Engaging Students in Higher Education
28 August 2012, by Prof Denise Kirkpatrick
Professor Denise Kirkpatrick is Pro Vice-Chancellor, Student Experience at the University of Adelaide, where she is leading the development of an integrated student experience across on and off campus environments with an emphasis on quality learning. She has worked as an academic and senior leader and manager in open and distance, dual-mode and on-campus universities in Australia and the United Kingdom. She has worked as Pro Vice-Chancellor at the Open University (UK) and La Trobe University, Australia and led the strategic development of open, distance and e-learning in Australian universities including Monash, University of New England and Charles Sturt University.
Learner engagement has long been the focus for those of us who seek to enhance learning and teaching in Higher Education. Indeed, over the past decade or so it has become almost ubiquitous. More recently we have expanded our focus to consider student engagement and I think that this indicates more than a linguistic shift. We are now considering something broader than the act of engaging the individual learner with his or her own learning process. The attention to student engagement is an acknowledgement of the complexity of student life and their relationships with and across the university. It is recognition that being a student is about more than attending classes (physical or virtual) and completing assignments and assessments. Taking student engagement seriously requires us to consider all parts of a student’s life that are affected by being a student and responding to these. When we view it this way we think of learning and education as a partnership, and employ student engagement as a means to inform and enhance the collective student learning experience, so that it extends beyond the individual.
It’s also about placing a genuine value on the contribution that students make to university and valuing their input. Engaging our students does mean getting them to actively interact, make sense and participate in the learning experiences that comprise formal study, and it also relates to the extent to which students are involved in the life and business of the institution. At a fairly simple level it means students’ meaningful participation in surveys of learning and teaching, providing feedback through a range of media that is actively used by the university and its staff, and influences and informs future actions and decisions. It also includes the creation of opportunities for student contribution to the future strategy and directions and operations of the university and the academic business of the university along with planning and reflecting on performance. We need to move beyond the rhetoric about the contribution of students to providing sufficient and appropriate support and securing effective engagement.
Universities have been attempting to make genuine progress in ‘closing the feedback loop’ and disseminating actions and decisions in response to student feedback, but we need to refine the mechanisms that we use to do this and make them more open and inclusive so that students can become participants in the educational processes. We will need to create mechanisms by which students can initiate the investigation of specific issues that affect the collective student learning experience. Such an approach requires a greater involvement from students with regard to representation on committees and working groups. If we wish to truly engage our students more deeply and meaningfully we will need to provide and support the publication and dissemination of decisions and actions, supporting students to collect and gather views and to contribute to debate and discussion as well as initiating and leading investigations.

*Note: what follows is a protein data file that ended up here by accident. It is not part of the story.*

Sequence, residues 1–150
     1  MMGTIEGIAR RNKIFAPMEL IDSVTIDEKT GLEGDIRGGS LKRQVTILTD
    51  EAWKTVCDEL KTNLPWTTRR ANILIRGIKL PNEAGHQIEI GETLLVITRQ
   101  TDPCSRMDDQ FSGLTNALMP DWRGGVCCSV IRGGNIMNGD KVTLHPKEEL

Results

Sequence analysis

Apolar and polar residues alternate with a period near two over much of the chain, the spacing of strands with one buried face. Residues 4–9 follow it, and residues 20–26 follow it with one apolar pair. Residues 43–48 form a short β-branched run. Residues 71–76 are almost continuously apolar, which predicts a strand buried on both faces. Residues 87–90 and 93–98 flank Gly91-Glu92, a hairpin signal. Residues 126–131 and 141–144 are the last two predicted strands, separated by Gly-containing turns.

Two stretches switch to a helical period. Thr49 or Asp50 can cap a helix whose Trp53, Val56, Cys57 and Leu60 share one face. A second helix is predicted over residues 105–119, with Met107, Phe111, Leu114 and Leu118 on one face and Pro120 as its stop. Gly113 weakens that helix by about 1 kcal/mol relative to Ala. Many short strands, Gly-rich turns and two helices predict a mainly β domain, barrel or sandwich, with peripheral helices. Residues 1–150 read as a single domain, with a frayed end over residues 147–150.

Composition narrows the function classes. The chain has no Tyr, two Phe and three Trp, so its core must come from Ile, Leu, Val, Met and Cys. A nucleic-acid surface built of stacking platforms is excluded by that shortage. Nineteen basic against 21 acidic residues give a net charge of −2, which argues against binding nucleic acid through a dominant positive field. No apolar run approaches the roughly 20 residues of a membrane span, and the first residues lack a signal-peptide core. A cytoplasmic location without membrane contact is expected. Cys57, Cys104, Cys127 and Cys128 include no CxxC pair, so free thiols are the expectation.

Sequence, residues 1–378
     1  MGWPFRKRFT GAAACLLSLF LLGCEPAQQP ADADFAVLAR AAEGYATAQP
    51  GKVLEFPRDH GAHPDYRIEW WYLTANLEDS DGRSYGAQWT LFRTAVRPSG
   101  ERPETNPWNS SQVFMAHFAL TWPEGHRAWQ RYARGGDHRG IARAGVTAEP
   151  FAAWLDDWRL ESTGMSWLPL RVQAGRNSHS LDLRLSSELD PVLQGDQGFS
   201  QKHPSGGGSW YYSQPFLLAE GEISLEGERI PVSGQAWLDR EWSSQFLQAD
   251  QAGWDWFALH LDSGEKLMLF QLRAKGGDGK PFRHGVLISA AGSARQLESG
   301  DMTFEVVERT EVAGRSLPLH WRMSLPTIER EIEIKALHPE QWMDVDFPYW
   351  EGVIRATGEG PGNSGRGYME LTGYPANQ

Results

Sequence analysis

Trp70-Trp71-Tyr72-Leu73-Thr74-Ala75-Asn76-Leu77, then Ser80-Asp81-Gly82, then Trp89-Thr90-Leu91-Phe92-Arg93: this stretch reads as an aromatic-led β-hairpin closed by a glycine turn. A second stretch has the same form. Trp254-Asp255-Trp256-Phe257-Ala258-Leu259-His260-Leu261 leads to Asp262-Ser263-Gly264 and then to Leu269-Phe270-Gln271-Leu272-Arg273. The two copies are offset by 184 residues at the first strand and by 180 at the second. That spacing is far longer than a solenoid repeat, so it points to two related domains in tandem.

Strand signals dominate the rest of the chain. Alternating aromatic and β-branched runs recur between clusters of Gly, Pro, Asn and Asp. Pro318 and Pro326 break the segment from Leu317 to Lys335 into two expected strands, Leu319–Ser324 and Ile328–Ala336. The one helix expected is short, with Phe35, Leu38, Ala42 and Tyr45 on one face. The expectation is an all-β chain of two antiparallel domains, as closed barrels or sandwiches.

Although greater student engagement may be a reflection of a growing acceptance of the student as consumer it should be about more; about creating genuine partnerships and collaboration with our students. The world is changing and there is greater expectation that participants in all types of social ventures will play more active roles in shaping the nature and content of those activities. These responses indicate a commitment to a new style of politics and citizen engagement with a strengthened student voice. Successfully engineering student involvement will assist universities to more fully meet learners’ needs and deliver the excellent educational provision to which we aspire. An outcome of positive student engagement should be the optimisation of the student experience – the extent to which learning outcomes are achieved, the sense of affiliation that a student develops for his/her institution, and the extent to which a student feels that he or she is truly part of the community of the university.
Denise is a keynote speaker in the upcoming National Student Engagement Conference, 29-31 October 2012 in Melbourne.